The festival of colors lives up to its name

The festival of colors lives up to its name

This year, March 13 marked the Hindu religious holiday, Holi. It is a day to forgive and forget, and celebrate the victory of good over evil.

Holi derives from an ancient Hindu story, where a god by the name of Vishnu, uses his power to overcome the evil that is facing individuals.

The concept of colors comes from Krishna, who was afraid that he would not be loved because of his blue (or dark complected) skin. His mother jokingly suggested to him that he should color the face of the one who would eventually love him, Radha (who was very fair skinned). He takes it to heart and plays this prank on Radha by coloring her face, and they become a couple.  

“This love is celebrated in the form of throwing colors or spraying squirt guns filled with colored water in a day long celebration of fun and pranks,” David Tastor, Granite Bay High School IB World Religion teacher, said.

Celebration outside of the religion is represented through the spring time color runs or the Holi music festivals, where color is thrown into the air and a rave ensues.

As activities like the color run uphold the philosophy behind Holi, the portrayal of the ancient mythological story is rarely thought of while participants joyfully get color thrown at their faces.

However, with popularized events like these, the question must be raised – what is the religious and spiritual purpose of Holi?

“The spiritual purpose for Holi is to add more color into someone’s life,” sophomore Manvi Bhapkar said. “This festival is meant to add happiness to a person’s life.”

As vibrant colors brighten the lives of the celebrants, they also knit the social fabrics of our country. By bringing people of all races, gender, ages, etc. together, Holi provides unification and an enjoyable time.

Sophomore Avisha Shah emphasizes Bhapkar’s statement and also pushes the notion that Holi holds cultural significance.

“Holi is a special holiday for Hindus because it’s a triumph of good versus evil,” Shah said.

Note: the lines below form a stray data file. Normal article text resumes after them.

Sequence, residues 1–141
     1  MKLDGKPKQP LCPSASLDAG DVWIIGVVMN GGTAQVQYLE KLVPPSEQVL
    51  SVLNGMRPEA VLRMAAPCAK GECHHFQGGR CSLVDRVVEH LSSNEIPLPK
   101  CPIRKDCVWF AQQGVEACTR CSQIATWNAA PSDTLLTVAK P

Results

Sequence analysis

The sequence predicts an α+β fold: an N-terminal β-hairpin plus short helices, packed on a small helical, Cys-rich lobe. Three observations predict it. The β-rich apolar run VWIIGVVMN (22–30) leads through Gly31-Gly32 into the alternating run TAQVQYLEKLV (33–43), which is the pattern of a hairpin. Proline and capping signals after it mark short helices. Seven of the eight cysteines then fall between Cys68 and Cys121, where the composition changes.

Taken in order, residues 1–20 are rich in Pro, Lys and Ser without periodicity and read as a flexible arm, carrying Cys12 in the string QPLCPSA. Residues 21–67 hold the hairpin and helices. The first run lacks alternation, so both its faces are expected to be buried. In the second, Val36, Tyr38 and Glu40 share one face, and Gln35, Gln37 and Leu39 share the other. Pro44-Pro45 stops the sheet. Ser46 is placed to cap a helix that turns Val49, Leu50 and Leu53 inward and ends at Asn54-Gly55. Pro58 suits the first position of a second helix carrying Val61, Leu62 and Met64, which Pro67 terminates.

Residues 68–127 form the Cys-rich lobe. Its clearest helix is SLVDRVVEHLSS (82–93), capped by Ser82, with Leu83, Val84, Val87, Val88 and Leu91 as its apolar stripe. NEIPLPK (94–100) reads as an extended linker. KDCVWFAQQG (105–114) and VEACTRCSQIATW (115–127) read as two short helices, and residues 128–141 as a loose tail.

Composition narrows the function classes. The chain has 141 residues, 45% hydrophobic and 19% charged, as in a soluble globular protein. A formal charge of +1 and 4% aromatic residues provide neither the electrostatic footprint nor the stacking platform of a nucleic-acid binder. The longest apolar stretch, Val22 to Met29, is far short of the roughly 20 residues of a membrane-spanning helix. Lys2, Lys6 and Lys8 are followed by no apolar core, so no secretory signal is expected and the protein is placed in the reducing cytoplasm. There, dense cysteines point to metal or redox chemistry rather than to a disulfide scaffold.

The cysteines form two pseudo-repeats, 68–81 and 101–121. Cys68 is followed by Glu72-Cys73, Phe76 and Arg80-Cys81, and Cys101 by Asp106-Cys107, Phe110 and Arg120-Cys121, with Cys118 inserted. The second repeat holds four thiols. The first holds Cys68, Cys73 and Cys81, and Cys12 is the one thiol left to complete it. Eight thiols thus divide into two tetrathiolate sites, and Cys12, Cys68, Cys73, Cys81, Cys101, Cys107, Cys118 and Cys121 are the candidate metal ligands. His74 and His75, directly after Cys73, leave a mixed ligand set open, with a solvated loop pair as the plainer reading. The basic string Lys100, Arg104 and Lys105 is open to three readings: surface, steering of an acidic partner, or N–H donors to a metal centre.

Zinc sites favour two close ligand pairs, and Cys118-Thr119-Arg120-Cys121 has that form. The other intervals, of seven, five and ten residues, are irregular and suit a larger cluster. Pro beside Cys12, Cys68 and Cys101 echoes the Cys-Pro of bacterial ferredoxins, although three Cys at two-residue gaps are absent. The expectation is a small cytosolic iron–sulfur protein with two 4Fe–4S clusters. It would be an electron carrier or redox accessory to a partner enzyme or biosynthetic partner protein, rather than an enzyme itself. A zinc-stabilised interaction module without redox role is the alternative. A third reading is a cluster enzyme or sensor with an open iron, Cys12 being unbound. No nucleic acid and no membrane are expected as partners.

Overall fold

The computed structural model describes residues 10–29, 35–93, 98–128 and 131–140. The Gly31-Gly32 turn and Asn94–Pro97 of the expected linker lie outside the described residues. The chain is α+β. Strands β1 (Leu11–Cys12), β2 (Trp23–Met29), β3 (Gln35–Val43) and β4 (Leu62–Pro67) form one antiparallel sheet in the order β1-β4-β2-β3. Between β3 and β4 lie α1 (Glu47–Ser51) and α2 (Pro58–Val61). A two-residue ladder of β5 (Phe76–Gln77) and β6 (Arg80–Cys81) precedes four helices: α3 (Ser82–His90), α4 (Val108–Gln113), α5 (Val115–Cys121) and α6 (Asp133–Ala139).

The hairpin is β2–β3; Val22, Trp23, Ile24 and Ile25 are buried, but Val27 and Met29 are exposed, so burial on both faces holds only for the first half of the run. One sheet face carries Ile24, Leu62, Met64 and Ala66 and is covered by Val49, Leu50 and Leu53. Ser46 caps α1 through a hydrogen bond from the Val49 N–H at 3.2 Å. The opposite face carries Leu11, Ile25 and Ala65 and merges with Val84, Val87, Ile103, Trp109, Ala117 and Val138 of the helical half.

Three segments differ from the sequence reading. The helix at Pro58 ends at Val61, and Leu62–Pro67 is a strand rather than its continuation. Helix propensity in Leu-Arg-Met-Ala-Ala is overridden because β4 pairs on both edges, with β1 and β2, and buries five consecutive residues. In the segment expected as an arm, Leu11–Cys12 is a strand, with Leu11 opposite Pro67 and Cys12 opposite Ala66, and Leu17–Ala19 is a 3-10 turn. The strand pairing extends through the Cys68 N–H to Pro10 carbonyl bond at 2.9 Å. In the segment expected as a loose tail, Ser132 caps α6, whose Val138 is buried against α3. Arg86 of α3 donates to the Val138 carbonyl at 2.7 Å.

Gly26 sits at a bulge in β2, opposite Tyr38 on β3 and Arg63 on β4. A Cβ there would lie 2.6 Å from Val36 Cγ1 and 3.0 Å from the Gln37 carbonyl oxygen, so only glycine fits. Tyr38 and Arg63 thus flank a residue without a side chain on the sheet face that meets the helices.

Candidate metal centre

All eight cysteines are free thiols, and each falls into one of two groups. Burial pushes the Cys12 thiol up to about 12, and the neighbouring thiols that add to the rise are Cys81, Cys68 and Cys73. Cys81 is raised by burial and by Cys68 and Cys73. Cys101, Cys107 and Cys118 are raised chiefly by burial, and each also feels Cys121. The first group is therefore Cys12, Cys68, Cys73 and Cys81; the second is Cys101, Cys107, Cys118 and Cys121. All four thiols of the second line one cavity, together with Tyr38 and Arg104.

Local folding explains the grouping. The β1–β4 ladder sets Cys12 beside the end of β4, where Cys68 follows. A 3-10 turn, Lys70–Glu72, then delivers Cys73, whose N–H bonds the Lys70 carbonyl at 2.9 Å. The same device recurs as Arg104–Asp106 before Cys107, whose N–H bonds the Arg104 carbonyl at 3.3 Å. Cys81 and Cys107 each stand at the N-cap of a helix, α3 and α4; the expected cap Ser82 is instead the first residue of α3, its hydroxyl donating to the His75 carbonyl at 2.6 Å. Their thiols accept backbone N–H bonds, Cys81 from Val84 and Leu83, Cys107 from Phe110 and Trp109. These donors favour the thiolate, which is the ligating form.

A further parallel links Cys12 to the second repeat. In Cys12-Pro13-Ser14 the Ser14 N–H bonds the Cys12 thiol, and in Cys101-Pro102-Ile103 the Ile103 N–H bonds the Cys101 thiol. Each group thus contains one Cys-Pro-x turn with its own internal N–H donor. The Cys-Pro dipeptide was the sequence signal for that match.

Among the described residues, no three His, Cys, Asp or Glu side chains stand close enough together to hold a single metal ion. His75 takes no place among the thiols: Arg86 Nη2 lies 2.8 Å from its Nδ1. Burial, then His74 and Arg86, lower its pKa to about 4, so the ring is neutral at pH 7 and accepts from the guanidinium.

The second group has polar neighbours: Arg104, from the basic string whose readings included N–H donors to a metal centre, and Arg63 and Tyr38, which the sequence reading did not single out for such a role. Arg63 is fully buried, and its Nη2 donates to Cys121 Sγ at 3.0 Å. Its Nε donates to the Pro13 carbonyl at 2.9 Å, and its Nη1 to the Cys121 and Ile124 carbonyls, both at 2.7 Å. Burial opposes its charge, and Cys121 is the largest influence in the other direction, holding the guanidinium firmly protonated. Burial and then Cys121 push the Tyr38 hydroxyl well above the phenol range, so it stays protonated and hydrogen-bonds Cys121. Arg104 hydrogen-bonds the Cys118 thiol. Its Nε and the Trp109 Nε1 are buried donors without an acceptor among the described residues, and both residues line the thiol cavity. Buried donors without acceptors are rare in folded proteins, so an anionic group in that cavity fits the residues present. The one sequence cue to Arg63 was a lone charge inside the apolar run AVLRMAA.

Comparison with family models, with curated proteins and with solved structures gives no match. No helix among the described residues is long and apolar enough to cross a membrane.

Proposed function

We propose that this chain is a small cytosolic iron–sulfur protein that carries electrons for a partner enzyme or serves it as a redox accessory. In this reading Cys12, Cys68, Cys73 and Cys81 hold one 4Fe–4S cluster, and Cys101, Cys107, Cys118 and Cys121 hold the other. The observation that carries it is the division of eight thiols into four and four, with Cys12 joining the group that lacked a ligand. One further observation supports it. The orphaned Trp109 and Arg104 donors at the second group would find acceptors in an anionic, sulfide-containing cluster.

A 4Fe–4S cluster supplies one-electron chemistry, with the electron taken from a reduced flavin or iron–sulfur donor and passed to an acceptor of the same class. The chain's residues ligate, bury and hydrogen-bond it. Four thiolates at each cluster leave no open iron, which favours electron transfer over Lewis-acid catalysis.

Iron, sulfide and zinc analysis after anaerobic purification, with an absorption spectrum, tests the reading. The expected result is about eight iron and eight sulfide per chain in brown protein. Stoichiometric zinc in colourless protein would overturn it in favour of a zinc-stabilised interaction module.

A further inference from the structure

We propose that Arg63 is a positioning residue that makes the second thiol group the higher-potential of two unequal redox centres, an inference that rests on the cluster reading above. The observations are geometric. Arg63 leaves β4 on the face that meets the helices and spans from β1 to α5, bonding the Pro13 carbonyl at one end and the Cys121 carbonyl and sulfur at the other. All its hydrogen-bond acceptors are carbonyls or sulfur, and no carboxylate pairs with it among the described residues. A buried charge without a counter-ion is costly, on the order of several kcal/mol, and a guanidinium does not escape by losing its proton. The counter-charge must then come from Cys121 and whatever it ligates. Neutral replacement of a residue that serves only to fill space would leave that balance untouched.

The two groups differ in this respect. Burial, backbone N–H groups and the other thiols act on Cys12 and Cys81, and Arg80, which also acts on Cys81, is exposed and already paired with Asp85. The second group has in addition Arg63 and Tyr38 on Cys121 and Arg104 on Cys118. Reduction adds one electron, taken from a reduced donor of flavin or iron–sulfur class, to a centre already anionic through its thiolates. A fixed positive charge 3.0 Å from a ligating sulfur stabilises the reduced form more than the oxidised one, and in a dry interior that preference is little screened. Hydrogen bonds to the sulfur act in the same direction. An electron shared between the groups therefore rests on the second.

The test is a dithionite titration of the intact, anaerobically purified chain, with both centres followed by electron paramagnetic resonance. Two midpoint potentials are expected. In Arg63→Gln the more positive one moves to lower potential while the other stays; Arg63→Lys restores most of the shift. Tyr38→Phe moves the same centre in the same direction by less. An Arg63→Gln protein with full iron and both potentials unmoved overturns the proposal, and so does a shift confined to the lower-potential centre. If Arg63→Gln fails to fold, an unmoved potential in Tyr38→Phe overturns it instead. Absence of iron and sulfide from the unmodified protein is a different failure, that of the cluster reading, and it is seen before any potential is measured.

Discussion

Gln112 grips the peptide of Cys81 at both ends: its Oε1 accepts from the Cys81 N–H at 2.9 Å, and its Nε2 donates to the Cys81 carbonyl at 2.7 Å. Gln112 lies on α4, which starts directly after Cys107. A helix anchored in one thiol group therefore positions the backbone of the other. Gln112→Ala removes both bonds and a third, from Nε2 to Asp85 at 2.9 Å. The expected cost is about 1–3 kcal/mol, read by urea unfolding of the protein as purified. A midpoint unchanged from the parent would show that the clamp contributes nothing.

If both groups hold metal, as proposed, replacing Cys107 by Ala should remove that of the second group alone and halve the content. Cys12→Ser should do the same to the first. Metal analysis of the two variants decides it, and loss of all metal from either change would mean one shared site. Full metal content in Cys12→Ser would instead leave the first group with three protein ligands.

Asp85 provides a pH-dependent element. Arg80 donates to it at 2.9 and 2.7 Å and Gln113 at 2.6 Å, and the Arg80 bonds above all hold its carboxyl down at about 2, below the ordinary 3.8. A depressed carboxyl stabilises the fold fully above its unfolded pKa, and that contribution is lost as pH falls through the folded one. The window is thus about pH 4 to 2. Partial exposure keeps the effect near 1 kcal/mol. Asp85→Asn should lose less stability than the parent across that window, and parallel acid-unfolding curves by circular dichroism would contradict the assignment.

Rooting back to the beliefs of Hinduism, the overall moral of the legends revolves around the idea that good will always upset evil.

Ideals such as these prove to be applicable to the modern world, where an individual is expected to practice good conduct and believe in the virtue of being truthful, rather than resort to evil doings.

The country of India, notorious for its elaborate celebrations and color plastered streets, is the place to be during Holi.

GBHS students, who celebrate Holi religiously, seem to find it harder to perform Holi here in Granite Bay.

“Because it isn’t a holiday that we get the day off for, we aren’t able to perform as many traditions used to celebrate the event,” sophomore Anvita Gattani said.

As the holiday is not gifted a day off here at GBHS, Gattani draws on the issue of school interfering with the celebration of Holi. Bhapkar, however, proves that when there’s a will, there’s a way.

“We have a whole day dedicated to the celebration. We all make tons of food and then we meet at a park with the other 20-25 families (total 200 people) and we play Holi there,” Bhapkar said.

Though it may be harder to carry out some of the same traditions one is used to, many find a way to make it happen.

“I do think that celebrating Holi in GB is different than how people celebrate Holi in India,” Shah said. “But I think it still has the same purpose of gathering everybody in one place and just having fun with family and friends.”